Off the Shelf

The Case for Big Government, by Jeff Madrick, M.B.A. ’71 (Princeton, $22.95). The editor of Challenge argues that “active and sizable government has been essential to growth and prosperity,” in a book that anticipated recent headlines.


Wired for War, by P. W. Singer, Ph.D. ’01 (Penguin, $27.95). Those drones over Afghanistan and Pakistan, says the Brookings Institution senior fellow, are but the leading edge of robotic conflict in the twenty-first century.


Postcards from Tomorrow Square, by James Fallows ’70 (Vintage, $14.95 paper). Collected dispatches by Atlantic Monthly’s man in Shanghai and Beijing. An excellent shoe-leather reporter, Fallows accessibly covers Chinese manufacturers, Macau’s gambling boom, and the country’s massive hoard of dollars.


The Crisis of the Twelfth Century, by Thomas N. Bisson, Lea professor of medieval history emeritus (Princeton, $39.50). Amid collapsed leadership and governance, threats to social order and peace, new approaches to power and legitimacy arose. A sweeping scholarly history of Western Christendom. 


The Piano Teacher, by Janice Y. K. Lee ’94 (Viking, $25.95). A debut novel of “romance, secrecy, and betrayal,” as the publisher puts it, in World War II and a decade later, set in Hong Kong, where the author (formerly of Elle and Mirabella magazines) was born and now lives.


Still Jewish, by Keren R. McGinity, A.L.M. ’97 (New York University, $39.95). A multigenerational history of women and intermarriage in America.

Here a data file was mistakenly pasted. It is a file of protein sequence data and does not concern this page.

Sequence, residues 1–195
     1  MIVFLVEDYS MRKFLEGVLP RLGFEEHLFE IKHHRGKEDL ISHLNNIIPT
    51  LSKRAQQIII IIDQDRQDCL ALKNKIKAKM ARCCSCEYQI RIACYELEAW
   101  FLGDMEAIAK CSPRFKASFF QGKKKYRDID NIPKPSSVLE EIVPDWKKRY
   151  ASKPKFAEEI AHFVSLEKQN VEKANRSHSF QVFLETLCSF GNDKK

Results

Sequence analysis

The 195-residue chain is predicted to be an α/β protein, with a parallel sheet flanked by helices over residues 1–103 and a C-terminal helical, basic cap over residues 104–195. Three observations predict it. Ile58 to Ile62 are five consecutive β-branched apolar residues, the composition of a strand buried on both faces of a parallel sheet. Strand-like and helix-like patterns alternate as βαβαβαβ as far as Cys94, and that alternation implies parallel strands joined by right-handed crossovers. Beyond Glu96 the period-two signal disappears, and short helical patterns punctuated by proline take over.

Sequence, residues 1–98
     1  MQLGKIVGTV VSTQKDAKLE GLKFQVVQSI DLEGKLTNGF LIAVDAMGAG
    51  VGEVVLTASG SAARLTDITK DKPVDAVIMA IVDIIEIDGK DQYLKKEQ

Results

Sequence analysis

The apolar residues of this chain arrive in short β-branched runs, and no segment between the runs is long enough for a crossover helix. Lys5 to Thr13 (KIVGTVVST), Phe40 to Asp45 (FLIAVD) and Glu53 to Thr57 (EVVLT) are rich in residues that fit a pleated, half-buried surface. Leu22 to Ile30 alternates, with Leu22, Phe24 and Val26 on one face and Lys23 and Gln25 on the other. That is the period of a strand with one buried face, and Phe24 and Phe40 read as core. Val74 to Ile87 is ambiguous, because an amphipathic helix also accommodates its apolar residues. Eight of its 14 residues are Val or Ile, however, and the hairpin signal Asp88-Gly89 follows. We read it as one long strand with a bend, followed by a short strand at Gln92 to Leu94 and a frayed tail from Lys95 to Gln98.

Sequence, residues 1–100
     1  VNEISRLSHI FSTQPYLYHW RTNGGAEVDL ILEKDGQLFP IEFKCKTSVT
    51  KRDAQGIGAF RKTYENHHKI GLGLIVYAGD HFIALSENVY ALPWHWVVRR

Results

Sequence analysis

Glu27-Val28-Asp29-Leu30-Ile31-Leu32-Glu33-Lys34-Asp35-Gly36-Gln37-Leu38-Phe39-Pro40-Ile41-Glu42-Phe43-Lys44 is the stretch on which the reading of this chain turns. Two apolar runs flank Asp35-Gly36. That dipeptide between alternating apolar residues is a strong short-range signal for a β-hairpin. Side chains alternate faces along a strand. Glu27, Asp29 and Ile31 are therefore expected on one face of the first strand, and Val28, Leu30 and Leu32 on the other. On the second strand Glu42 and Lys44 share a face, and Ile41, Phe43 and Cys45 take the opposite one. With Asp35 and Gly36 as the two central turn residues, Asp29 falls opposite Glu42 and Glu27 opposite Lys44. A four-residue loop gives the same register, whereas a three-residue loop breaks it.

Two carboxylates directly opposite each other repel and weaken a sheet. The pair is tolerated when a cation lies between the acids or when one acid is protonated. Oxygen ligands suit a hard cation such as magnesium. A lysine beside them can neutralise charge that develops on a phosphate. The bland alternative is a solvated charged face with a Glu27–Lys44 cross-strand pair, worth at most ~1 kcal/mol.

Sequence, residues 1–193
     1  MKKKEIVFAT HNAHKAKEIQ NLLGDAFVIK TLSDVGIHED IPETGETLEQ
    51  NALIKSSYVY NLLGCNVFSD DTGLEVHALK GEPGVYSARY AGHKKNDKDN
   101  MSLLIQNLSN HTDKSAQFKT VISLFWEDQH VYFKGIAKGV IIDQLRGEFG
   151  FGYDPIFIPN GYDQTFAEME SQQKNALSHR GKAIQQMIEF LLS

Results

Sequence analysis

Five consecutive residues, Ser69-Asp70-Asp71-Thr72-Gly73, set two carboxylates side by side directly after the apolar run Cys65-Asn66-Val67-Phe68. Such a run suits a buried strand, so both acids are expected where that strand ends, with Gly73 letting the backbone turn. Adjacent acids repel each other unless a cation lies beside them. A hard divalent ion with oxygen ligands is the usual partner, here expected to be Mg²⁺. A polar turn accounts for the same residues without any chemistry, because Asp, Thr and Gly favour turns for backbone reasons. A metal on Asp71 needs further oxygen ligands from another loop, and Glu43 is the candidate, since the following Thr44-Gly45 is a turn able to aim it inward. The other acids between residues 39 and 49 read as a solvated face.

More Than Just Race, by William Julius Wilson, Geyser University Professor (W.W. Norton, $24.95). Wilson’s latest installment in a career-long investigation of ghettos, low-skilled black men, and the fragmentation of African-American families—and of the changes needed to alter the status quo.


All Other Nights, by Dara Horn ’99 (W.W. Norton, $24.95). A different sort of Civil War romance, this novel begins with Jacob Rappaport planning a poisoning at Passover in New Orleans.


The Scientific Life, by Steven Shapin, Ford professor of the history of science (Chicago, $29). A densely reasoned examination of the moral life of scientists and why it matters, as they practice in the academy, within corporations, and as entrepreneurs in pursuit of riches.


Quality time: Rainy Day with Dream Blocks (1908), by Jessie Wilcox Smith

Enchanted Hunters: The Power of Stories in Childhood, by Maria Tatar, Loeb professor of Germanic languages and literatures and of folklore and mythology (W.W. Norton, $26.95). More exploration of children and reading, as previously reported in “The Horror and the Beauty” (November-December 2007, page 36).


China between Empires, by Mark Edward Lewis, JF ’86 (Harvard, $29.95). A Stanford scholar on the formative pre-Buddhist period of the Northern and Southern dynasties.

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